I've always wanted to do that. Chin up bars, power racks, platforms, dumbells, barbells..straight old school
     
  6. A-Unit

    A-Unit Master Don Juan

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    Re:

    Almost as a MUST I would immediately replace DB Press with DIPS.

    Here's a "thought" I want to convey...

    Let's say you have FINITE Intensity and Energy to make a new Personal Best Each and Every lifting week. And let's say your personal best on bench is 200lbs at a weight from the average male of 170lbs. And that you're doing it as 5x5's, or even 3x8, whatever you choose (I say 5x5 b/c they're a lifting technique of powerlifters). And let's say you could hit 200lbs on the bench, and perhaps increase 2.5lbs to 7.5lbs each week thereafter. Would you PREFER the added DB presses OR, the fact you're achieving ever growing strength gains in one difficult, and all encompassing lift?

    My opinion is people lace their routines with so much fluff and crap NOT BECAUSE they can do it, but because they don't exert much intensity during their workout in the stuff that MATTERS. If people are of the unified opinion that Bench, Deads, and Squats work best (provided you can safely and effectively do them), and you do them with tremendous gains, wouldn't you just DO what works? Why add more crap? Sure Dumbbells and machines are nice inventions that micmic, but don't replace, the more natural movements of the body, and if you're injured (though you shouldn't lift), or are getting started (though you should probably go right for the squat rack), they work fine. But strapping yourself in like a hamster does NOT exert much force on the body, and the isolation of specific joints and movements can do MORE harm than good.

    If you go FULL bore with Bench, after warmups, and do 3-5 sets of Dips, full out until you can't lift yourself on the Dip bar, what more will DB presses, or any auxiliary exercise do, that you haven't already done? The beauty in Compound movements is that you lift so much more weight, it hits so many more muscles, that you LEVERAGE time and INTENSITY. If you push yourself enough, you can get in areas that might be tough, AND, you can accomplish the movement of more weight.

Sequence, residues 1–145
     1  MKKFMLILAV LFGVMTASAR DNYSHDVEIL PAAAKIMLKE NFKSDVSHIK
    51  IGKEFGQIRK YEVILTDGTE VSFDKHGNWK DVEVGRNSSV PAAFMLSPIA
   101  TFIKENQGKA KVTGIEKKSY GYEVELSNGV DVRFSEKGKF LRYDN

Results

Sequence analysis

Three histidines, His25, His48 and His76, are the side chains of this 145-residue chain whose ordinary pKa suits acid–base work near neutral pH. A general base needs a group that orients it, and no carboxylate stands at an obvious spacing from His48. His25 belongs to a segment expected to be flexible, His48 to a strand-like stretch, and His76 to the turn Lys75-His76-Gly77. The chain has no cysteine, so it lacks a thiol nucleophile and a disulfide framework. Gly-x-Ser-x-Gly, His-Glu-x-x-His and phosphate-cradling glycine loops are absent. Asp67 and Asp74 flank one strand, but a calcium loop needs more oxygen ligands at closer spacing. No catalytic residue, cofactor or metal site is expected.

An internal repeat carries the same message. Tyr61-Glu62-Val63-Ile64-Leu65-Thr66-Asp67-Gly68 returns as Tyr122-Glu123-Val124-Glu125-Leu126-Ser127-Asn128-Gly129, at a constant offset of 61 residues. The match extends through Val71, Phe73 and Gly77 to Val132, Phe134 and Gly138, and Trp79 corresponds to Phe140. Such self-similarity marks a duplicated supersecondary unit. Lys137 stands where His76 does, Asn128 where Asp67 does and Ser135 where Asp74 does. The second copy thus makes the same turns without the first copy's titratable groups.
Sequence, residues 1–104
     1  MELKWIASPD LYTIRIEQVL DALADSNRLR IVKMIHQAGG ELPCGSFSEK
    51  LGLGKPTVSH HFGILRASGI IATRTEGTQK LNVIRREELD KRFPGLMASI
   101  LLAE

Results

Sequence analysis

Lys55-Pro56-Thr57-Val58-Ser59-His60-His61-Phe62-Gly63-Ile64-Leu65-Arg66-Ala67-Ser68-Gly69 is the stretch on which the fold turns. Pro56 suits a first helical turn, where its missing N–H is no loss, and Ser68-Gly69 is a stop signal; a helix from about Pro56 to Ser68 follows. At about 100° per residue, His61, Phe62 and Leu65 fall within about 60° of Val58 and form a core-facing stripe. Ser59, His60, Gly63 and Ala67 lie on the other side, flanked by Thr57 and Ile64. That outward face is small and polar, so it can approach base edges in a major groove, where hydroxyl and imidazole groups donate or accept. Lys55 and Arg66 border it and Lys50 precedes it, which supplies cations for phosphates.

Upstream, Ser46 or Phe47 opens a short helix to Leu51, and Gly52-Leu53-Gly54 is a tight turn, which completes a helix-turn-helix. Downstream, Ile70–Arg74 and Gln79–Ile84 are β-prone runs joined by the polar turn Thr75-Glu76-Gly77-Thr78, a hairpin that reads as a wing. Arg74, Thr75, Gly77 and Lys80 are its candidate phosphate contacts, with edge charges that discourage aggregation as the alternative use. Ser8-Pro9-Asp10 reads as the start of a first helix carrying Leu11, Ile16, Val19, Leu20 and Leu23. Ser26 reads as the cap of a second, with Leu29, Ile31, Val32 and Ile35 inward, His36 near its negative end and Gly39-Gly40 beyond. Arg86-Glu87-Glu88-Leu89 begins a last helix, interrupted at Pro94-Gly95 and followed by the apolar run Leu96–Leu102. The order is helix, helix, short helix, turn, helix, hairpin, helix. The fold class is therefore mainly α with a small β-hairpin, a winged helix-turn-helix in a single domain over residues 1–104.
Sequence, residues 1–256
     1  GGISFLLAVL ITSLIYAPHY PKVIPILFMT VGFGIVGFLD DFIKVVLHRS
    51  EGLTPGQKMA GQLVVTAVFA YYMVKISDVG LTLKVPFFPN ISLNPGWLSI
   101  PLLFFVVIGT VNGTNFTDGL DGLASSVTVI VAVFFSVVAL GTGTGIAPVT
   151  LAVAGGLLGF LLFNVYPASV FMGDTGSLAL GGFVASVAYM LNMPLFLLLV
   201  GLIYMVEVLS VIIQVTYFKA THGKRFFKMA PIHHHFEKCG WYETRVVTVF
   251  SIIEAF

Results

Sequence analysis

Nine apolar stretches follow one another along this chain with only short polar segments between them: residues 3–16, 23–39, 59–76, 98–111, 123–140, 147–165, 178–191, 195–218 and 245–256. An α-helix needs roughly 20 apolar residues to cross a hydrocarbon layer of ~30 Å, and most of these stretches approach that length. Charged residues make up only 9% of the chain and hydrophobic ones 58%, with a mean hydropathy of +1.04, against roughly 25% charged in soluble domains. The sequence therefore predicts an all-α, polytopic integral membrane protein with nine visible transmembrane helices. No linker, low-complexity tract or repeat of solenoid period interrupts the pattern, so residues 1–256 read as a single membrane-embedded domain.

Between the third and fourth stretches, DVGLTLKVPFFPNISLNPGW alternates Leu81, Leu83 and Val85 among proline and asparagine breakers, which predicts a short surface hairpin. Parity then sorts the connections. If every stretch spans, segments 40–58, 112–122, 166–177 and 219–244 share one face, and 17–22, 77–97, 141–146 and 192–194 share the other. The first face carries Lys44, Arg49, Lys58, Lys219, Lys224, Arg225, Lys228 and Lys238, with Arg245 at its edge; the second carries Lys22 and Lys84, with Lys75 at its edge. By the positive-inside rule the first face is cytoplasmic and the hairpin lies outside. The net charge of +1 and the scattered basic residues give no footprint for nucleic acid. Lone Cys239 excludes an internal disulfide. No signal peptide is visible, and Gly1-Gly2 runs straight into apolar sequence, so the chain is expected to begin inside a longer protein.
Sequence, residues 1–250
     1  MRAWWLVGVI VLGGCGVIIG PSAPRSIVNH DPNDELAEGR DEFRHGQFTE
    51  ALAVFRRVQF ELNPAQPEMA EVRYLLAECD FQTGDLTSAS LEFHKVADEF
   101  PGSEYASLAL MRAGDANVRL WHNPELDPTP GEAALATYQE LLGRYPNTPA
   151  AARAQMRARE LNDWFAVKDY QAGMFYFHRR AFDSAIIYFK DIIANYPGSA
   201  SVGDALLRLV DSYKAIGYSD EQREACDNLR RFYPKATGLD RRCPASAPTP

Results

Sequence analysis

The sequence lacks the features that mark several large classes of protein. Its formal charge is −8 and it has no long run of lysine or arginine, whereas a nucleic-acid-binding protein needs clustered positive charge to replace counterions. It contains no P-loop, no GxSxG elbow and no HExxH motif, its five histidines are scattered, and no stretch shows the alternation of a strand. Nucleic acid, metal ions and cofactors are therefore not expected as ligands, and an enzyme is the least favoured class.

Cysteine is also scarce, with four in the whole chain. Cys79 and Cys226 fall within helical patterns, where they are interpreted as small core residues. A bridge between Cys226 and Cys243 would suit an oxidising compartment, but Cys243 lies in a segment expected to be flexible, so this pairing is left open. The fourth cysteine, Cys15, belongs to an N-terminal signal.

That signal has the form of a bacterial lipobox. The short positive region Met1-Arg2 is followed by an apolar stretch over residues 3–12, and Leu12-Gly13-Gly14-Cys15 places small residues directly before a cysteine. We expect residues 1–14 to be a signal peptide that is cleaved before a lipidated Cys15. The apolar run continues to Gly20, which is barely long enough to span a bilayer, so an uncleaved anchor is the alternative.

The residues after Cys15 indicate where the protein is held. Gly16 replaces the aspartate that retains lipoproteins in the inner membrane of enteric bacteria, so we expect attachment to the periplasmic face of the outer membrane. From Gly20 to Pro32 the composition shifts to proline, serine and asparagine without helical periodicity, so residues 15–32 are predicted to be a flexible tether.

On DB Press, 70, 80, and 90 pounds is impressive for most. I don't think I ever see guys that high, because those that can go that high, opt for the bench, but occasionally there are some who throw in variety. And you should, for your own sake do as you like. But assuming you go in the gym with a FINITE amount of INTENSITY and ENERGY, and can opt for CONCENTRATING this energy on exercises that work efficiently, will cause the best growth fastest, why do most trainees spread it around on 3-5 exercises, when 2 really good ones can do the best, most complete job?

    Between DIPS and BENCH, you hit the major muscles of the upperbody, you exert a lot of force on the tris, lower pecs, shoulders, and ancilary parts like the traps, and the contraction on the abs. Not that you WANT To do this intentionaly, but it happens by the sheer fact you're lifting your own body vertically and extending your triceps.

    Would I drop them? yes, to fit in dips for 3-5 sets, depending on how many you can do per set. Absolutely. The goal here is STRENGTH, and while DBS do something, they can't do what bench does. Even if you examine the Bench, most "weaker" guys can do 115, 135, maybe 150. But can the same guy do 75lb dumbbells? No. The strength isn't transferable by weight. Sure, we can refer to stabilizer and front deltoids, but from the point of "FEEL", the chest working as a unit, does more work, better, and more completely on the BENCH, than it does with DB presses. And the same goes for DIPS. And when you do them, you know what I'm talking about.